Journalist Jenny Woolf visited Cardiff with seven-year-old Arthur. Jenny wanted to give Arthur a taste of Cardiff and to make sure he had a fun time without packing too much in to their two-night stay. Here’s how it went.
TAFF VALLEY QUAD BIKES
Jenny, husband Tony and young Arthur headed out of the city to see what Taff Valley Quad Bikes had to offer. There, farmer Hopkin Smith was on hand to give Arthur a safety induction, then to take him out to tackle the nursery course in a suitable mini-quad.Arthur started off with a safety cord attached to the quad so that Hopkin could cut the engine and bring him safely to a halt if necessary. But it wasn’t necessary – and Arthur spent the next two hours rapidly becoming expert at tackling the figure of eight course. An extra bonus for an adventurous seven-year old was the mud smattering he acquired.
- Arthur’s verdict: I really liked learning how to control the quad bike and I’d like to continue learning quad biking, because actually everything about going to this place was good.
- Jenny’s verdict: A real country experience with the dogs and sheep. It seemed laid back and casual but was also inclusive and highly professional. I was surprised at how much Arthur learned. After a shower to clean off the mud, it was back to the Parc Thistle hotel for a good night’s sleep.
THE DOCTOR WHO EXPERIENCE, Cardiff Bay
No need for time travel to get there; the number 6 Bendybus does the job in 15 minutes, door to door. You have to be careful when you tackle the Doctor Who Experience. After all, there are no couches to hide behind and the Daleks would get you anyway. The crack in time opens to let you in to an adventure with The Doctor, Matt Smith. Cybermen, Daleks and Weeping Angels all come at you as you pass through the Experience. Cybermen charging and firing in 3D is pretty scary even for 40-year veterans of Doctor Who but you are guaranteed safe passage. On the way, you can drive the TARDIS for a short while, too.
- Arthur’s verdict: I loved it. I’m a Doctor Who fan.
- Jenny’s verdict: A lot to see in the surrounding area, too, and a good playground just outside.
Lunch in the Norwegian Church offered a mix of home cooked Welsh and Scandinavian dishes.
Then a short stroll around the bay, through the family friendly restaurants and shops at Mermaid Quay and the next challenge.
This could be the most fun anyone has had with science since Archimedes last had a bath. You don’t even have to get wet – but you can if you want. That’s what is great about Techniquest. It is one of those (very few) places that say to children: ‘Please touch – and play – and
mess about all you want.’
And while the smaller human beings are playing and learning, the larger ones will pick up a thing or two about magnetism, friction, the principles of flight and how leafcutter ants organise themselves.
At Techniquest, they have found a perfect blend that allows the fluid lives of children to latch on to the laws of science. Almost makes you want to slide into the bath and shout Eureka!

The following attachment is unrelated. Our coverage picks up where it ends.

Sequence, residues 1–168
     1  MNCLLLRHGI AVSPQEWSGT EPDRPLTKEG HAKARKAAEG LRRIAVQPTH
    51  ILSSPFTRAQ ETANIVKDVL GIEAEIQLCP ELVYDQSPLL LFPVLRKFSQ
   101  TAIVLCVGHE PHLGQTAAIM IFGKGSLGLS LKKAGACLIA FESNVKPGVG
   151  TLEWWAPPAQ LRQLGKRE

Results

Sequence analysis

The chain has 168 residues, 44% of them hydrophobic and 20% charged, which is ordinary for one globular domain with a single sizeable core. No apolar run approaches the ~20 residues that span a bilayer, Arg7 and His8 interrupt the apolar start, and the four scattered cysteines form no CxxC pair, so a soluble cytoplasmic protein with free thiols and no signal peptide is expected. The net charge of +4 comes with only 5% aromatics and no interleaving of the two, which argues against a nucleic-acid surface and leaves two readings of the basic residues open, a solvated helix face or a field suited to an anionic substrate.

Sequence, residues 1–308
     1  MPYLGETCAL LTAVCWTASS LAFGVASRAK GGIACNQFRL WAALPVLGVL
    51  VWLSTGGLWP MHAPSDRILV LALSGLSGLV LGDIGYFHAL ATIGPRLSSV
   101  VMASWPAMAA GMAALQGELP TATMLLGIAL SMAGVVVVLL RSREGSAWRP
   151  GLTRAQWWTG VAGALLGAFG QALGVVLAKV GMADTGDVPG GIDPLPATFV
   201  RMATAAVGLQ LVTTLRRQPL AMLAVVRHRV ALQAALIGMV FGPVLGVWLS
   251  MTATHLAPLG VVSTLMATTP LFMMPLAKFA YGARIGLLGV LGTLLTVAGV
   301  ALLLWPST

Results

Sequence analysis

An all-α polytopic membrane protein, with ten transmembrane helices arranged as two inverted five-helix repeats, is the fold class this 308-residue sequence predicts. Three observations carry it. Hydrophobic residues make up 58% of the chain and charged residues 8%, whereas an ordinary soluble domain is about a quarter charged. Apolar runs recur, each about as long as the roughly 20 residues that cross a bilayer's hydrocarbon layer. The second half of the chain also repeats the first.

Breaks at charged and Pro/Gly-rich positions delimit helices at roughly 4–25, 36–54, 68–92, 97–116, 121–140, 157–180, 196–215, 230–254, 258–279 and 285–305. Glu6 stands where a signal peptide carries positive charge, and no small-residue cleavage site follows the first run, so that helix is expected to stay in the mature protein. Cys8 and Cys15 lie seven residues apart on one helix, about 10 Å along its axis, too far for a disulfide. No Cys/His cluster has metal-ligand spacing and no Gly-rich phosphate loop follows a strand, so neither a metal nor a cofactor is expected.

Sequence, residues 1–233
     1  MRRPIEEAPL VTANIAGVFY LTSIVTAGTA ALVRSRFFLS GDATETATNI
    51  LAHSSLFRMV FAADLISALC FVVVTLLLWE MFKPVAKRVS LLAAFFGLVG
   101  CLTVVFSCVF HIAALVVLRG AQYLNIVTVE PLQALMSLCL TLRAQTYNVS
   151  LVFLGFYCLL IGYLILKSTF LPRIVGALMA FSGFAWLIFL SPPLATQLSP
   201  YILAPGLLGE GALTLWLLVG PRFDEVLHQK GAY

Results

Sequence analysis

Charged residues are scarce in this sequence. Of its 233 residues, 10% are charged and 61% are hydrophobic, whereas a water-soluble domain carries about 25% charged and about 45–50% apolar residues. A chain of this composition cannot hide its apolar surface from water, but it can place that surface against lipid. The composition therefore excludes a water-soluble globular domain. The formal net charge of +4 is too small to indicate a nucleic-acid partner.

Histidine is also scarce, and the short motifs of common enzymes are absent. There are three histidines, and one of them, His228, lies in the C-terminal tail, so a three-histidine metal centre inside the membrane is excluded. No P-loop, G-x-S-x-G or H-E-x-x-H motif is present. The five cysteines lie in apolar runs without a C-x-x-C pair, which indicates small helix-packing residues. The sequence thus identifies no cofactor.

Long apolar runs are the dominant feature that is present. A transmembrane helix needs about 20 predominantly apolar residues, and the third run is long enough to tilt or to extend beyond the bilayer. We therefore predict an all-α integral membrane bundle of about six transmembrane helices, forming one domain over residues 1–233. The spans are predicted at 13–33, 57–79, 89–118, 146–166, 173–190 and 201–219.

- Arthur’s verdict: I totally loved all of Techniquest. It was such a friendly place. My favourite thing was playing with the water but there were lots of other things to do as well.
- Jenny’s verdict: The best children’s museum I’ve visited. All the exhibits were well kept and well labelled, and appealed to grown ups too – or at least, to this grown up.
BOULDERS CLIMBING CENTRE
A bus ride to Boulders Climbing Centre, where climbs range from Easy (barely climbing at all) to Very Severe (barely climbable).For Arthur, though, it was a session with Pebbles and the Pumas. Pebbles is for children up to seven. It’s a bit like a Wacky Warehouse but more adventurous. Cargo nets and mini climbing walls give a gentle – and safe – introduction to climbing. For 7 to 18-year-olds, the Pumas climbing Club gives youngsters a go at climbing with full supervision. This is what Arthur went for; a two-hour session with all the gear, a personal coach and a climbing wall to suit your ability.
- Arthur’s verdict: This was the first time I have done climbing, and it was comfortable climbing up, although not so comfortable climbing down!
- Jenny’s verdict: I was impressed by the positive, friendly atmosphere and the staff were obviously passionate about climbing. This huge place must turn so many people on to the sport.
A good lunch in the café at Cardiff Castle before tackling the 134 steps up the Motte to the top of the Norman keep.Cardiff Castle looks like something that any child might draw. Turretted walls, corner towers, a dominating Keep in the middle of the Bailey ring. What singles Cardiff Castle out is the fact that though there has been a fortress on the site since the Romans built their fort there. But what you see now is largely the invention of the third Marquess of Bute and his imaginative architect, William Burges, in the middle of the 19th Century. No time for shopping on this trip but the city’s main shopping area is just across the road.
- Arthur’s verdict: My favourite bit of the castle was all the colours and decoration inside it. And I liked playing with the model castle in the shop.
- Jenny’s verdict: A truly astonishing building, with a most remarkable High Victorian interior. I’m so pleased I got the chance to see this.